I was totally turned off by a line, describing the view from an automobile window of, "white dots grazing that may have been sheep." Really? If the viewer can not tell the 'dots' are sheep, how does the viewer know that the 'dots' are grazing?
they might have been goats
I once mistook goats for sheep from a distance. A friend of mine once mistook cows for horses.
And one time I mistook a moose for a horse and thought to myself - 'Why don't they have a fence around that pasture - their horse is running right for the road.
I swerved at the last minute and missed it.
But anyway about Joyce Carole Oates: I find her writing and subject matter either intensely interesting or totally inane and irritating.
I think I like the idea of some of her plots, settings and characterizations and find them more interesting and promising than their actual manifestation.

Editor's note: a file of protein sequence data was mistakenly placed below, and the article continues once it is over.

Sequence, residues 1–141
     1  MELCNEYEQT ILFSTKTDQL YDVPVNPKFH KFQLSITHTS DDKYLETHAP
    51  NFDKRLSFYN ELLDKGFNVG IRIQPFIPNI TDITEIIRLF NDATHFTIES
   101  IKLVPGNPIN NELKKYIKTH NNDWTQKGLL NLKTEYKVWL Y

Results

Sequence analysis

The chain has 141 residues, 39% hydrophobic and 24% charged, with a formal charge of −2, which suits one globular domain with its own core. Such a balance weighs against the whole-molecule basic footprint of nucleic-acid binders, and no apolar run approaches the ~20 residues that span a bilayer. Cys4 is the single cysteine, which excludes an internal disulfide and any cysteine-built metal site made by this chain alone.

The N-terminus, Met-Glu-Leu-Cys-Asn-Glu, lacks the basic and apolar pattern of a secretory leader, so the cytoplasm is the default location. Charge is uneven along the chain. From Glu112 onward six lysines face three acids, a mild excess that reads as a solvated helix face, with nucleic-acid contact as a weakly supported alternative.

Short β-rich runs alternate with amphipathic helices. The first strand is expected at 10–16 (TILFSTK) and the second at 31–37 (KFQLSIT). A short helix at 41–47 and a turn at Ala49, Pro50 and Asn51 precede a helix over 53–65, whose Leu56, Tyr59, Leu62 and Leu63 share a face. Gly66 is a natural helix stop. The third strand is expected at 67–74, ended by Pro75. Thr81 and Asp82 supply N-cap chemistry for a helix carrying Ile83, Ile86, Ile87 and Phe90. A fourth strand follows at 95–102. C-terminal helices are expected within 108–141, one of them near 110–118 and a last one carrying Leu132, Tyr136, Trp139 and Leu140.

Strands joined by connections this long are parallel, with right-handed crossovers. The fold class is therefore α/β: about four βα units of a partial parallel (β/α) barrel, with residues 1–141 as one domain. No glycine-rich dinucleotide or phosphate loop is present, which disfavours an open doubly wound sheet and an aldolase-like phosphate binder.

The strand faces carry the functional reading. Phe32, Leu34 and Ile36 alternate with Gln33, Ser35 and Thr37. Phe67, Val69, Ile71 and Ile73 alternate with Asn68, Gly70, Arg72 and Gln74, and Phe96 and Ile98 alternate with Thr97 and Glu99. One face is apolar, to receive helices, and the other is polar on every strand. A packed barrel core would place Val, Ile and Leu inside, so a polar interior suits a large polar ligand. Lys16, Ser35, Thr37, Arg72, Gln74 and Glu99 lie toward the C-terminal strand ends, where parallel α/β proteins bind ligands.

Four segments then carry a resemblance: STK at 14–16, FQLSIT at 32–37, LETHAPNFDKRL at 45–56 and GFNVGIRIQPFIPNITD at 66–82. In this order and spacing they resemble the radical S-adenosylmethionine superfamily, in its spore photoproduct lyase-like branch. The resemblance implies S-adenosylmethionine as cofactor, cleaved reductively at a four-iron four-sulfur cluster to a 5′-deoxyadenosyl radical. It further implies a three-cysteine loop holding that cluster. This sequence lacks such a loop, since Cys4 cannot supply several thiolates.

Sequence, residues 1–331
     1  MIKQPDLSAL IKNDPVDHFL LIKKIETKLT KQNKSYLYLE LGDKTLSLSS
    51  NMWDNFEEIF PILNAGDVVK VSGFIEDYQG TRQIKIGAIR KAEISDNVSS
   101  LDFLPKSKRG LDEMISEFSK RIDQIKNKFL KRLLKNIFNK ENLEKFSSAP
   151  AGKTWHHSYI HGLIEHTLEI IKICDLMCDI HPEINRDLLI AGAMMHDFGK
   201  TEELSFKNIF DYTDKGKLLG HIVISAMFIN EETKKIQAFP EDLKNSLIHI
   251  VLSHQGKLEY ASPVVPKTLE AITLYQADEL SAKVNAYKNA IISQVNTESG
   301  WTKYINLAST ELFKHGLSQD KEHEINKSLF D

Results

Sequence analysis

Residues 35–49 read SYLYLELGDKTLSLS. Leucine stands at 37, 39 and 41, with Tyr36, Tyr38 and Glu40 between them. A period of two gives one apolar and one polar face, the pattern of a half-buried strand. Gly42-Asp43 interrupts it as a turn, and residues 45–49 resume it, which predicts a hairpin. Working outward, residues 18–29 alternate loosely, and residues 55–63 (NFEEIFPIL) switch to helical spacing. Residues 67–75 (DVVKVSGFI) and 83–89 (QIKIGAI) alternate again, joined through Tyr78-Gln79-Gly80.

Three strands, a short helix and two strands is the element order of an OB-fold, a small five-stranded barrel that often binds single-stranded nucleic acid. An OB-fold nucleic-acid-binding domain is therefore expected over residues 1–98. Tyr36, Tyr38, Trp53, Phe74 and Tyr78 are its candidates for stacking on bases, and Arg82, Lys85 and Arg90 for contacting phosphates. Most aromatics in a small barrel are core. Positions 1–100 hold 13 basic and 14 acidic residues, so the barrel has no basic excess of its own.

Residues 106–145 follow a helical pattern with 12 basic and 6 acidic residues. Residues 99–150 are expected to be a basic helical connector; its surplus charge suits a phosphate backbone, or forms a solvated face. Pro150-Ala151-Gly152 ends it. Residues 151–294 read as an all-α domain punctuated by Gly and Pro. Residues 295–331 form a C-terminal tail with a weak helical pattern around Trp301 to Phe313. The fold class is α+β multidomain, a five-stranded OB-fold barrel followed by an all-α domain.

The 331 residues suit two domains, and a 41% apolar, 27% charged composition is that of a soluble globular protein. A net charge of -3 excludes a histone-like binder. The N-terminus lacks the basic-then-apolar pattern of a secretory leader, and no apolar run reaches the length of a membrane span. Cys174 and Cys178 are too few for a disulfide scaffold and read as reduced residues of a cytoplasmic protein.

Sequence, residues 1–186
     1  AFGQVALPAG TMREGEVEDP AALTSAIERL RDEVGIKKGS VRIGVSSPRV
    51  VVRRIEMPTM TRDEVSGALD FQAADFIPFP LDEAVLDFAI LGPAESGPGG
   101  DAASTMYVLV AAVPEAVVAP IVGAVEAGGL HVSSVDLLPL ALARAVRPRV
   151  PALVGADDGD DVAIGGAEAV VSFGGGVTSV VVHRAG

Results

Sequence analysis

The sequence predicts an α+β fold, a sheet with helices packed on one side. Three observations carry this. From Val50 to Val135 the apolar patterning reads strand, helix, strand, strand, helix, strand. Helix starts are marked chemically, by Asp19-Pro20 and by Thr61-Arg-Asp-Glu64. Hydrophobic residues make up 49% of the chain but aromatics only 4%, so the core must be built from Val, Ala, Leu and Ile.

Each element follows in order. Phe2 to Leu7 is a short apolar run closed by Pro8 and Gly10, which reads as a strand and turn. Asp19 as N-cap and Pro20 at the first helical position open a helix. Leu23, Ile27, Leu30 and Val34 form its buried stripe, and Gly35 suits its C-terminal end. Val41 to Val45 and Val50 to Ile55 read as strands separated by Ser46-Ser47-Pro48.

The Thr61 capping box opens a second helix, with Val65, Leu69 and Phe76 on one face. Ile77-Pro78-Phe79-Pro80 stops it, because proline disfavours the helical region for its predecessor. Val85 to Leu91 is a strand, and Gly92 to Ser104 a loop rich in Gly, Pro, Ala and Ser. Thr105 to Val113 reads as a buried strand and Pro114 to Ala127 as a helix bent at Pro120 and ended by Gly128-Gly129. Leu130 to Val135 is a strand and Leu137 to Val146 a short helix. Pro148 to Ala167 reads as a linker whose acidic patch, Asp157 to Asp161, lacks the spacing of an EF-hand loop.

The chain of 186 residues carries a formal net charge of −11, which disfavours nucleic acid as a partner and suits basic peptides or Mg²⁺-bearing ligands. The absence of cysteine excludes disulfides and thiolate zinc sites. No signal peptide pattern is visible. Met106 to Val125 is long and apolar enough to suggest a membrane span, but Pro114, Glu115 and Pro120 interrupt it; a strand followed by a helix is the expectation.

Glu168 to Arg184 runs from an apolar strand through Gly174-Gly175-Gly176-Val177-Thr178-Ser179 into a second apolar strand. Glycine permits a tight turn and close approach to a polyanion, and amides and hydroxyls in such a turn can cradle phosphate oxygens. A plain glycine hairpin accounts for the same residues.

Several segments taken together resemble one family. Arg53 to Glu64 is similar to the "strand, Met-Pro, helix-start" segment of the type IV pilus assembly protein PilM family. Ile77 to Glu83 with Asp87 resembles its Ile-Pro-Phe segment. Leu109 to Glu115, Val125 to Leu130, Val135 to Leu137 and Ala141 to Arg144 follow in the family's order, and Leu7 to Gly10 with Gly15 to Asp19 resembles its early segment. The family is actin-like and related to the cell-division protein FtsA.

They all sort of blend together in my head - I did read The Tattooed Girl all the way through because the two characters were so different and I had to find out what happened between them. The last one I read was The Falls - and that was interesting because it took place during the whole Love Canal era in that area and I found that part of it sort of compelling reading.
I remember reading We Were the Mulvaneys in its entirety and the one about a woman and her mother who died...but again...it's just because the plots are somewhat psychologically dense and interesting that I persevere- it's not that I particularly care for her writing.
She gets a little too gothic and fantastical for my taste- I can almost immediately tell if I will be able to read one of her books or not within the first three or four pages. I'm not at all into fantasy or the super natural.
So she's someone I will always check out of the library if she has a new one - but I probably don't end up reading her stuff more often than I do.